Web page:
What is Micro Investing?

Learn what is micro investing and more.

Updated: November 30, 2023
Matt Crabtree

Written By

Matt Crabtree

 

The truth is that a lot of people simply don’t have large sums of money to get started investing. There are plenty of people that want to start dipping into the market, but might only be able to spare a few pounds at a time. There are plenty of new trading apps out there that are actually designed around this. 

Here’s an example. What about the app that ties to your bank card? Then, when you make a purchase, they round up your purchase and invest that minimal amount of change that was needed to round up. Then, there are others that let you invest with £5 and you can add routine small amounts like that if you choose. 

This is what micro investing is all about. Keep reading the guide below to learn what is micro investing and more. 

The Basics of Micro Investing

Micro investing is a pretty specific niche, and yet some companies have really honed in to perfect it. Moneybox is a good example for the UK, but you might also have heard about companies like Acorns or Robinhood that all have similar ideas. 

On these micro investing apps, you can choose from stocks and ETFs that you are interested in and start investing into them without having to purchase a full share.

The broker company holds an inventory of this stock and then pieces it out in fractional shares to their customers. 

So, if you want some Apple shares, but you simply can’t invest enough to buy a full share right now, this is a great way to start getting into the market. As you go on, you can use automated tools and investment options to keep adding small amounts to your portfolio. 

Here’s the neat part. Even if you have plenty of money to invest into whatever you want to, you can still use these tools. It’s a great way to set aside a little something and just routinely invest into portfolio items of your choice. 

While these micro trading platforms are really designed for people who can only invest a little bit here and there, they don’t kick you out or restrict you if you have experience and funds a plenty. 

Where many people might be investing thousands of pounds at a time, you might be able to get into what you want with just a minuscule amount. Something that felt out of your reach is finally accessible to you. 

Pros of Micro Investing

There are always going to be pros and cons with different types or styles of investing. It’s important to know and be aware of those details so you can make an informed choice. Is this right for you? Start by taking a look at the pros. 

  • Make investing more accessible.
  • Requires very minimal money to get started.
  • You can automate and keep adding.
  • You might be able to just round up your spare change.
  • Consistently invest and get to know the markets.

The major benefits of micro investing are the fact that people can get into the market at any level.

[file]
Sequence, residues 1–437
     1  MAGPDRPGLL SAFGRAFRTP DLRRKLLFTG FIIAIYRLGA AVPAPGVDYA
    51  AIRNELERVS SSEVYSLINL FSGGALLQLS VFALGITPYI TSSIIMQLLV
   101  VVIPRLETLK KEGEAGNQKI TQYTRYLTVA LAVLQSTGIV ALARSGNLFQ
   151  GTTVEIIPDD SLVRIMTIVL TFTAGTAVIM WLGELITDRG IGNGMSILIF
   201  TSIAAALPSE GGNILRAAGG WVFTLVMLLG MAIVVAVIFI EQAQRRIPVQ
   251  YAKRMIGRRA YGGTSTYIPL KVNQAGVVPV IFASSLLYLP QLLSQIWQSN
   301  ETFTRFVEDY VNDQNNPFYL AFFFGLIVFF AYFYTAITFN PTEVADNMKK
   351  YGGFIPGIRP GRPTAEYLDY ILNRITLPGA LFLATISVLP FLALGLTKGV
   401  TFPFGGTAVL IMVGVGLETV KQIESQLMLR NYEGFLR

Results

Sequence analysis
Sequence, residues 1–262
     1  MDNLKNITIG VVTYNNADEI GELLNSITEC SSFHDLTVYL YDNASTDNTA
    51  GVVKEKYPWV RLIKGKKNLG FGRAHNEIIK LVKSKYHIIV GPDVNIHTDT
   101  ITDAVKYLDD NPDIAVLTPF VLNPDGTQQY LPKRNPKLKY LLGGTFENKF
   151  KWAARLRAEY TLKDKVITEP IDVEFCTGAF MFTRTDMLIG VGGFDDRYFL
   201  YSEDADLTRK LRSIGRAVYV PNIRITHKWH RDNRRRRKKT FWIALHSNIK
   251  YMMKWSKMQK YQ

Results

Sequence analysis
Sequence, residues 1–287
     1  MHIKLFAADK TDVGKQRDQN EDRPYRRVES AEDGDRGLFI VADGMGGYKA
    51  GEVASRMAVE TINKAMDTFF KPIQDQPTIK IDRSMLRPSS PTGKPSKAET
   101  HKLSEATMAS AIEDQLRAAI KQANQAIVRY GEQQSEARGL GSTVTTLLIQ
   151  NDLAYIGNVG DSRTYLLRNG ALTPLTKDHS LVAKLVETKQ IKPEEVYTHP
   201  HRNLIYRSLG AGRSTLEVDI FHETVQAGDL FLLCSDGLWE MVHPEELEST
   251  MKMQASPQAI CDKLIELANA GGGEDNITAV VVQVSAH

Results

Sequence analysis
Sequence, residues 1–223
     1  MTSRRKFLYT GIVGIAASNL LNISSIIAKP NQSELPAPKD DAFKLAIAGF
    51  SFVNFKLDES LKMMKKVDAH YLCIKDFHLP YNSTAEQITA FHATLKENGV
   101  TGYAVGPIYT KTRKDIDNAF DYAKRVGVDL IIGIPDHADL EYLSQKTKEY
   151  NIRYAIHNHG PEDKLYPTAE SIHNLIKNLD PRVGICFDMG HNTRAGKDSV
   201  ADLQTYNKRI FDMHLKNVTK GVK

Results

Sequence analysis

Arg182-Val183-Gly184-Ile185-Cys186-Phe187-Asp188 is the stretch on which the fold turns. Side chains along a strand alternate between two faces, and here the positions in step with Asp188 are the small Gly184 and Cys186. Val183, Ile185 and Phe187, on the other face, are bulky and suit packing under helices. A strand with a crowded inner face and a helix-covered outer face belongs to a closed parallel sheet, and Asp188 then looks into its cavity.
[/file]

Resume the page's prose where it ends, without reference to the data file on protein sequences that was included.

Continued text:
Come as you are and start investing. Learn how to invest and play in the stock market. You have the opportunity to build up your portfolio in ways that never used to be an option. 

This also gives you a valuable time to learn more about the market and make plans for your portfolio as it continues to grow. The fees in these apps are typically lower than a traditional trading commission fee might be. However, they are structured differently so you’re going to pay fees in different ways. 

Cons of Micro Investing

Micro investing won’t be the right fit for everyone. There are cons to using this type of app. It’s up to you to determine whether the pros outweigh the cons in your situation. Take a look at these cons. 

  • Your returns won’t be as high.
  • The low fees are going to hurt unless you are regularly contributing.
  • Your choices might be more limited.
  • You will eventually need to contribute on a larger scale to meet goals.

While micro investing is a great choice, it’s going to build up slowly.

If you’re wanting to fund retirement you may not get there just from micro investing alone. However, if you simply don’t have much to put in, it’s still a great start and better than doing nothing. 

In most cases, the fees are low and you’re likely just going to pay a monthly fee instead of big commissions or trading fees. As long as you are adding consistently, this won’t be a big deal. But if you get to the point you aren’t adding in much, it can quickly eat away at your investments. 

Final Thoughts

Micro investing is a great choice if you’re just getting started or you simply don’t have a lot of funds to invest with. Companies that specialize in this capacity have gone to great lengths to provide a reliable and valuable option for someone who needs it. 

Just be sure to check out all the details and understand the fee structure before you commit to a company. 

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